Computers are awesome machines for storing data and precious files. However, we should keep in mind that there are security risks associated with the data stored on any computer hard drive — be it Mac or PC.
Though files on a Mac can be deleted via the trash can, it does not mean trashed and deleted files are removed from the computer’s directory. The normal deletion of files simply make space on the computer disk for for new files, which means those files can still be recovered, with application like Disk Drill. In most cases, trashing files is sufficient for regaining disk space, but if you’re concerned about sensitive files being recovered on your Mac, you need to take additional steps to ensure those files are securely overwritten.
This article covers the default method for securely deleting files, plus a review of two third-party applications that overwrite deleted files.
Secure Empty Trash
The default method for securely deleting files in your Mac’s trash can is to go to the Finder menubar and select “Secure Empty Trash” from the drop-down menu. Using this OS X built-in feature overrides the deleted file 7 times. This means it could take perhaps three to seven times longer than normal to empty the trash.
In Finder Preferences, you can also select to have all your files securely deleted when you empty the trash. However, it is a very slow process when your computer’s trash can is full of 100 megabytes or more of data.
With Secure Empty Trash, files are overwritten a single time — for example, with a long string of zeros – which should be sufficient for secure deletion. But having the files overwritten 7 times (which apparently is good enough for the US Department of Defense), or 35 times, will make it nearly impossible for any of the securely deleted data to be recovered. Thus keep in mind, when you delete files in this way, there is no way to recover such data.
Also note, if you use Time Machine on your Mac, files saved to that or any other backup are not automatically deleted when you trash and delete the latest version of the file. You will need to go into your backup hard drive and delete files from there as well.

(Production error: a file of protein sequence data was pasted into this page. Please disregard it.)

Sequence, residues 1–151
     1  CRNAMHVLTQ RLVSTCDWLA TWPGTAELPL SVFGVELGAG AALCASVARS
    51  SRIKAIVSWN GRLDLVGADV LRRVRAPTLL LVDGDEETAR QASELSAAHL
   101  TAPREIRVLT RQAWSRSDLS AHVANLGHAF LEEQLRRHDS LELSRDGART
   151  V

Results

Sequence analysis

If you’re a Mac power user, no doubt your computer’s trash can is constantly full with all sorts of files. Thus you may find it a hassle to use the Secure Empty Trash when you want to securely delete one or more files at a time. Paper Shredder comes in handy for quickly wiping out critical files when they are dropped onto the application.
You can keep the application in your Mac’s Dock and simply drop files onto it to activate the secure delete process. Paper Shredder four offers options for secure deletions — from the Standard 7-time pass, to 35-pass Secure Delete—a DoD-compliant Guttman secure delete algorithm.
In addition, you can have Paper Shredder graphically animate the shredding process to give you that added feeling of security. The application includes an emergency “Stop!” button in case you change your mind mid-shred.
As of this review, there is no trial download of Paper Shredder. It must be purchased from the Mac App Store for $6.99.
Another third-party solution for securely deleting files is the free/donationware application called Supercan (note – at the time of this writing, the website for Supercan failed to download. You can also download the software on MacUpdate.) It includes the same security passes as Paper Shredder, but it allows you to selectively choose files already in your Mac’s trash can.
Supercan also shows you which hard drives your trashed files came from. And it too provides a graphic animation of the shredding process. However, for secure delete you need to select the “secured” button for each critical file you want securely deleted.
When you select the “Shred all…” button, you also get the option for selecting “Secured mode,” which will speed up the process of selecting and deleting files already in your trash can.
Securely deleting files may not be a need for most general Mac users, but if you happen to share your Mac with other people, or are planning to sell it one day, getting in the practice of securely deleting sensitive files is something you should do.
Let us know what you think about the secure deletion process on your Mac. Do you use it often, and have you run into any problems?